Govt IT spending in India to reach $7.2 bn by 2015
Intel on Wednesday donated 300 PCs to Chhattisgarh to enable government-run schools reap full benefits of effective technology integration in teaching and learning and through its computers and teacher training program.
This includes 250 computers and 50 Classmate PCs, which would help in extending the company's World Ahead Programme to deeper beneficiaries in the education system, such as Ashramshalas and schools for girls.
The company further stated that over 50 schools in Chhattisgarh would benefit, with each school receiving minimum of five PCs for usage in classrooms.
The initiative also aims at strengthening the Intel Teach Program that helps classroom teachers effectively integrate technology to enhance student learning.
Over 2,000 teachers have so far been trained under the programme in Chhattisgarh, who in turn have reached 3.6 lakh students, enabling them to take up socially relevant issues as part of their curriculum.
"With quality education and access to technology, school children are able to creatively apply their learning to improve the environment they live in," Intel South Asia Corporate Affairs Director and India Business Operations Manager Rahul Bedi said.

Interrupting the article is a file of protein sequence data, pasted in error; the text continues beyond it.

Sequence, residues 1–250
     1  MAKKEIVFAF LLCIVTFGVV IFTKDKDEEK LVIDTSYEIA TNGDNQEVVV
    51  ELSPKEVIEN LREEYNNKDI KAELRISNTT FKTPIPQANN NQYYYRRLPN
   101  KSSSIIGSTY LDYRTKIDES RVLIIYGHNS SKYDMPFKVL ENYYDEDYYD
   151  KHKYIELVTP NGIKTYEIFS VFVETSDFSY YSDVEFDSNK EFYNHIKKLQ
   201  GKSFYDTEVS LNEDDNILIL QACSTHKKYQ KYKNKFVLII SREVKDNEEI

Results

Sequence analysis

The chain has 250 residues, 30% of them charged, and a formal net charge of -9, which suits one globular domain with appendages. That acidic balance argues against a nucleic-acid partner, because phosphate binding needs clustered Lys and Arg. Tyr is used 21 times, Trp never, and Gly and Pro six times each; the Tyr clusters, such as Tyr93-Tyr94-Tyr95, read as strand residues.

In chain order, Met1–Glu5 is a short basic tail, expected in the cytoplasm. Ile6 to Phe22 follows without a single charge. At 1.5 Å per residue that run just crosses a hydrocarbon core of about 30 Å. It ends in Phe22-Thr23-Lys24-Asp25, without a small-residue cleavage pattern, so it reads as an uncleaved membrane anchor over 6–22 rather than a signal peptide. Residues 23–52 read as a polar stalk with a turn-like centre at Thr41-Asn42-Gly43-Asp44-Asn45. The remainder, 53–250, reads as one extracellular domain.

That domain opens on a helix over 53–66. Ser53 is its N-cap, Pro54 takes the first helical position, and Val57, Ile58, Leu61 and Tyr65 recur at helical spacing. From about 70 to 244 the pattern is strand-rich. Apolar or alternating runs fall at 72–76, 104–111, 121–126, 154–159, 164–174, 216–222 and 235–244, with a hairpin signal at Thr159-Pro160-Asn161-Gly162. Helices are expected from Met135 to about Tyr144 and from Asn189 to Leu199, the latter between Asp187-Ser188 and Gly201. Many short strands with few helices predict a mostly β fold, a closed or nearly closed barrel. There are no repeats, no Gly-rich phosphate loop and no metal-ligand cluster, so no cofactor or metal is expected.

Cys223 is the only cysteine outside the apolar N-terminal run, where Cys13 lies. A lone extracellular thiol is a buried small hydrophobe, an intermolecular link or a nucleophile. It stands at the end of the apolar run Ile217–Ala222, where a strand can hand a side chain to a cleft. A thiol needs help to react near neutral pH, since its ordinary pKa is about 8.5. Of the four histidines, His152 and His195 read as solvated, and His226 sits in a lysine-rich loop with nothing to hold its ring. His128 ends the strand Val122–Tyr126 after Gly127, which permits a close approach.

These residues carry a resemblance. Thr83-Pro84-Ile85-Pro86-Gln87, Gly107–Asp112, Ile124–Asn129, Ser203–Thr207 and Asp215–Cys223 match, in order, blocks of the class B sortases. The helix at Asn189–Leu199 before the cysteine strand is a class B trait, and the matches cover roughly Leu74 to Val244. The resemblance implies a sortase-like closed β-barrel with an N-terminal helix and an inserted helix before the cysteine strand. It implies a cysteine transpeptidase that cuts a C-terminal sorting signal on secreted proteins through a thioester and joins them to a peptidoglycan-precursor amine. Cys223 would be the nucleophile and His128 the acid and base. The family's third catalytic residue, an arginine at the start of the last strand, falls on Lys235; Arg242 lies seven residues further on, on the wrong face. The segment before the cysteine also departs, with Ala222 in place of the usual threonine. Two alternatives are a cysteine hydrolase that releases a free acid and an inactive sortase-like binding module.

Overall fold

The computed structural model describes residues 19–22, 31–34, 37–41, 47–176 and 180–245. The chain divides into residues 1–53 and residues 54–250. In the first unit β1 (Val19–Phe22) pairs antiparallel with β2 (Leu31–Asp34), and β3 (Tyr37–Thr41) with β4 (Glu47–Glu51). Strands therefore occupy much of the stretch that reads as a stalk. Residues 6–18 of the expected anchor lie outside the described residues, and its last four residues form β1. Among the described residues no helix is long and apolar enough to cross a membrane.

The PCs will be used to further improve education and increase access to the state's vast resources of information, besides they will be wireless-enabled and supported with Internet connectivity and basic software applications and digital educational resources.
Intel is also working with the Chhattisgarh Government towards equipping uninitiated teachers into using technology by conducing regular refresher courses, enhancement workshops, technology workshops and principal seminars to sustain and promote ICT integration in government schools.
The company plans to train 7,000 teachers in the next two years, and adopt various schools for technology aided learning implementation.
Keeping alive this initiative in India, Intel plans to donate 10,000 PCs to state governments and teacher training institutions, as well as train one million teachers on the application of technology to improve classroom learning by 2008.